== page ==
Severe weather continues to bring chaos to large parts of Europe, where at least 55 people have died amid sub-zero temperatures.
Most transport and flights have been suspended in Ireland where strong winds brought by a storm left some 24,000 homes and businesses without power.
Several other countries have faced disruptions caused by snow and ice.
The death toll rose in Poland, and the public has been told to alert officials if they see people sleeping outside.
The unusually cold spell brought by a Siberian weather system was being felt as far south as the balmy Mediterranean.
The system has been given various nicknames - in the UK it is "the Beast from the East" while the Dutch call it the "Siberian bear" and Swedes the "snow cannon".
It met Storm Emma on Thursday, causing blizzards and strong winds in parts of England, Wales and Ireland.
Flights in and out of Dublin and Cork airports were suspended until Saturday at the earliest. All schools in the country were shut and people were urged not to drive.
Some rail services operated by Eurostar between London, Paris and Brussels were axed, while the airport in the Swiss city of Geneva was shut because of snow.
In parts of central Italy, ice forced the closure of several roads and railways.
In Poland, at least 21 people have died, most of them rough-sleepers.
The high death toll is partially attributed to a combination of the severe cold and alcohol consumption by homeless people, who drink hoping to keep warm.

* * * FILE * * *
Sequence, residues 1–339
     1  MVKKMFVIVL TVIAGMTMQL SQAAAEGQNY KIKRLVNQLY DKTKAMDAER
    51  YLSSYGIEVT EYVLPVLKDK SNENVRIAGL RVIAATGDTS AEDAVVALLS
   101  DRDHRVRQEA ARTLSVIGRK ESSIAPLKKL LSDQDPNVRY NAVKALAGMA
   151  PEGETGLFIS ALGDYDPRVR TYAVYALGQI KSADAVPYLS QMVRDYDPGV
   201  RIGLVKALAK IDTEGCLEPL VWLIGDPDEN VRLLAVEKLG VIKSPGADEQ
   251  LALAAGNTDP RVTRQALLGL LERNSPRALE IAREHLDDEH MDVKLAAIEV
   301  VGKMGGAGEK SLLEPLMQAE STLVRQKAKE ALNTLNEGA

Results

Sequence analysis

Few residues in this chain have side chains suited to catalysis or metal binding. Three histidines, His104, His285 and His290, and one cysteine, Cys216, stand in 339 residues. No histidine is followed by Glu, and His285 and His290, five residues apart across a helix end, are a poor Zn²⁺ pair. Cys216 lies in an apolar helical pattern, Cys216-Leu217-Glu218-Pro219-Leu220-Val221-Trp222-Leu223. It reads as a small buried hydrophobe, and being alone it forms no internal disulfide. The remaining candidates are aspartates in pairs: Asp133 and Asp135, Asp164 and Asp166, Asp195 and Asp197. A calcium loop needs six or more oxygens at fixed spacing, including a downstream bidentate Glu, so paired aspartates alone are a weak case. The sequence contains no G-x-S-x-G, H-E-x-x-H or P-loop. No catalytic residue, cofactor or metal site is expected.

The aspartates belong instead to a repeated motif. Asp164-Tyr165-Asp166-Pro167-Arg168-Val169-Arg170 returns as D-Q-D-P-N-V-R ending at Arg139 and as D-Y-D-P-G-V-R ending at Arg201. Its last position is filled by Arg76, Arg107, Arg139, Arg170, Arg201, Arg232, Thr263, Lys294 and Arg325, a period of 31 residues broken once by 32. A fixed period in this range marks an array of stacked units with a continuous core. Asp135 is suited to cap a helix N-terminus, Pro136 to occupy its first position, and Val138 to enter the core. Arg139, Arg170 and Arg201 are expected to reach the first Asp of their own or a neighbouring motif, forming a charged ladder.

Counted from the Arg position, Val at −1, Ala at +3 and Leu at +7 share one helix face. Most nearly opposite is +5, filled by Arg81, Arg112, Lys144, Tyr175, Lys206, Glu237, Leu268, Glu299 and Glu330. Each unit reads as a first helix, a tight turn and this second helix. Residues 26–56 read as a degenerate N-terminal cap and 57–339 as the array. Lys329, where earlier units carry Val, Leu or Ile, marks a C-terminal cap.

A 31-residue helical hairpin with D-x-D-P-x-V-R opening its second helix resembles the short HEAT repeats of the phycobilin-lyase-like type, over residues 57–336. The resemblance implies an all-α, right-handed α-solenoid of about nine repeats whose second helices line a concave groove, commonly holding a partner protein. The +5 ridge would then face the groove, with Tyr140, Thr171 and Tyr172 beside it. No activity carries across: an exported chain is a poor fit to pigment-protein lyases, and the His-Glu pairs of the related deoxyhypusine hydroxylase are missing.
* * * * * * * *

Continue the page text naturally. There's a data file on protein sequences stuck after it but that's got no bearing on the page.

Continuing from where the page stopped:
The night time temperature is -15C (5F), as it has been all week in the Polish capital.
Seven people have died since Sunday in Slovakia, AFP news agency reports, and six more in the Czech Republic.
Five people were reported dead in Lithuania, four in France, two each in Serbia, Italy, Slovenia and Romania and one each in the UK and the Netherlands.
In Spain, one of three victims was a homeless man who had been sleeping in an abandoned truck.
Emergency shelters have been opened by authorities in many countries to cope with the needs of homeless citizens.
The conditions have already improved in some parts of Europe, and the temperatures are expected to rise over the next couple of days.
But the cold weather is likely to continue in parts of the UK and Ireland.